We enjoy watching the Tournament of Roses Parade every year — sometimes with a mimosa in hand and a roaring fire in the fireplace, and other years, getting out of bed barely in time for the Parade’s start at 8 a.m.

The Parade has a special meaning because I was born in Pasadena (at the Huntington Memorial Hospital on 3/15/59), the city where it is held. I grew up in neighboring San Marino until I was a “tween.” Shannon also grew up in the L.A. area, so the Parade has longtime memories for both of us.

Members of Pasadena’s Valley Hunt Club first staged the Rose Parade in 1890. Since then, it has been held in Pasadena every New Year’s Day, except when January 1 falls on a Sunday. (In that case, it is held on the subsequent Monday, January 2).

Our family has enjoyed going to the Rose Parade a few times over the years, even though it involves getting up before the crack of dawn, in winter, to find a parking spot and find a decent spot for viewing. In some instances, we caved and sprung for seats in the grandstands, complete with paid parking. It was a more “civil” experience.

A favorite childhood memory was seeing the community volunteers helping to build the floats before the parade, in nondescript buildings scattered throughout the city, as well as viewing them in the Tournament of Roses park after the parade. Pasadena also is home to Cal Tech, which is within walking distance of the parade route and is a longtime parade supporter.

When we moved to Nevada City over a decade ago, it was like coming full circle. We soon learned that Todd Johnson, whose family owns Foothill Flowers in Grass Valley, regularly traveled to Pasadena to work on the floats. We are regulars at Foothill Flowers and love Todd and his family. (Foothill Flowers reminds us of our favorite florist in Pasadena, Jacob Maarse).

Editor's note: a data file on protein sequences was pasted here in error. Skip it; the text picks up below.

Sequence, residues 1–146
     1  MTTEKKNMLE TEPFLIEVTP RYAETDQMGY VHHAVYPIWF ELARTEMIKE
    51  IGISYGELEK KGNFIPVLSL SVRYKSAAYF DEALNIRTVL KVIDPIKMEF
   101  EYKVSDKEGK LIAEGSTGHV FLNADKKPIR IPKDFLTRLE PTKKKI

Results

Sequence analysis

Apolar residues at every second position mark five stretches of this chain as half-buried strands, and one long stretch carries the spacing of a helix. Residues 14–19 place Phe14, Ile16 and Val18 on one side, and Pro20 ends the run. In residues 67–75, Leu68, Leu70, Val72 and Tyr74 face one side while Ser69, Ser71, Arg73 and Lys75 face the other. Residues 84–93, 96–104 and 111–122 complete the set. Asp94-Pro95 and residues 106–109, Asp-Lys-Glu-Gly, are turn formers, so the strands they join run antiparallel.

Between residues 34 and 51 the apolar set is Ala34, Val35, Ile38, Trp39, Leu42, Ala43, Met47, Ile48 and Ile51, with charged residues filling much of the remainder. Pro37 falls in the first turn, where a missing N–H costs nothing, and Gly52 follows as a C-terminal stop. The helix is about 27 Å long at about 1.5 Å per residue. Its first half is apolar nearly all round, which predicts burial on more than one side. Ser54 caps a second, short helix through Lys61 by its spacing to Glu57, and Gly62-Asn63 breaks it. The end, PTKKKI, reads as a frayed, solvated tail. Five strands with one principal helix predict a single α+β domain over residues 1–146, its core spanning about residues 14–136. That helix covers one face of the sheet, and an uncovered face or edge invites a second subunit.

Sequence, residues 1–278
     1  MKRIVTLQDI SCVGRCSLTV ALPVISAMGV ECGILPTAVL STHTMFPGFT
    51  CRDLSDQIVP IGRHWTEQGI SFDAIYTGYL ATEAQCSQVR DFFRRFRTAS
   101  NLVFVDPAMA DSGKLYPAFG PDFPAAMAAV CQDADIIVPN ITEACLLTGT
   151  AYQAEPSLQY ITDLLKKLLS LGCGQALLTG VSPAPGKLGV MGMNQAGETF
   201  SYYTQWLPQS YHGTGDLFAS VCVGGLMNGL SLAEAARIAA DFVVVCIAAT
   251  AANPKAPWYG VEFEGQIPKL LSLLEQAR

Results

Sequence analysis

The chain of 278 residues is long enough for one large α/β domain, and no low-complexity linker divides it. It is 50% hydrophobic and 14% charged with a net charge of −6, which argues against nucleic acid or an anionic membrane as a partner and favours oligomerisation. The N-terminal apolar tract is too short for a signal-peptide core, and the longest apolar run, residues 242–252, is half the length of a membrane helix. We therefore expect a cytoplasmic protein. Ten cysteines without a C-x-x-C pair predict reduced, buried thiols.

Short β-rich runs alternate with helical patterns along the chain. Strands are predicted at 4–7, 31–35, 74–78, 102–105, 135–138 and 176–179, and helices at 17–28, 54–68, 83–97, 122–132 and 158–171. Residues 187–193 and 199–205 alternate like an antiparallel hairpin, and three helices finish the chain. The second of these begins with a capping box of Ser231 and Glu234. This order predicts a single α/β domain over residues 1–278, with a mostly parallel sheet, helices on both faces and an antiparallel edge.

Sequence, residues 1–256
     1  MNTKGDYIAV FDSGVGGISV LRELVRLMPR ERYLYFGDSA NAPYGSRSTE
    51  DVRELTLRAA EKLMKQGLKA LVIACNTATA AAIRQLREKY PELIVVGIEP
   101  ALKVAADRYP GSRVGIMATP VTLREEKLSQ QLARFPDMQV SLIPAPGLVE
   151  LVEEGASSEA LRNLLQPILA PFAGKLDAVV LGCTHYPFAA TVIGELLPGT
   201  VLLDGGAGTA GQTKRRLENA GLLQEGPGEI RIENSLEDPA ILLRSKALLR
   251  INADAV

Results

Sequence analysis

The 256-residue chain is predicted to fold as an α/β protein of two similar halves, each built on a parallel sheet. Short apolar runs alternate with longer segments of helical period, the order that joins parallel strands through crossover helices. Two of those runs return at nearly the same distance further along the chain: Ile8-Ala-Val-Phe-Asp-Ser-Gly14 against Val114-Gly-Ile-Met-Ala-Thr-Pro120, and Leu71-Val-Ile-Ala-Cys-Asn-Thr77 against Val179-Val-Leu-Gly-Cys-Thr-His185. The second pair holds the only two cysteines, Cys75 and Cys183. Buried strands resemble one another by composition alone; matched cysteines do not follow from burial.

This year, Todd worked on two floats, according to his Facebook page The “Dig Alert” and AIDS Foundation “Hope for the Homeless” parade floats (see below).

Todd Johnson working on Rose Parade floats this year. (Credit: Todd’s Facebook page)

"49ers just won’t quit in nail-biting classic win at Seattle"

“The 49ers’ magic-carpet ride to the Super Bowl hit some very bumpy air Sunday night over this lovely but menacing city, but the carpet survived, a bit tattered, and the crazy ride continues,” columnist Scott Ostler writes in The San Francisco Chronicle.

“The 49ers didn’t win this one (26-21) as much as they survived it, with an epic defensive stand inside the last two minutes.

“But a W is a W. Slice it and dice the situation any way you care to, the 49ers beat the Seahawks, in Seattle, under the hottest spotlight of the NFL season, in a game that meant oh so much.

Some will say the 49ers were lucky. But it wasn’t luck that tackled Seattle tight end Jacob Hollister six inches short of the goalline on the Seahawks’ last play. It was linebacker Dre Greenlaw. Meet the newest 49ers’ hero.

“The Seahawks put up a classic Rockyesque fight. That’s to their credit, not a mark against the 49ers.

“Now, as they say at the crowded deli: ‘Next!’”

The rest of the article is here.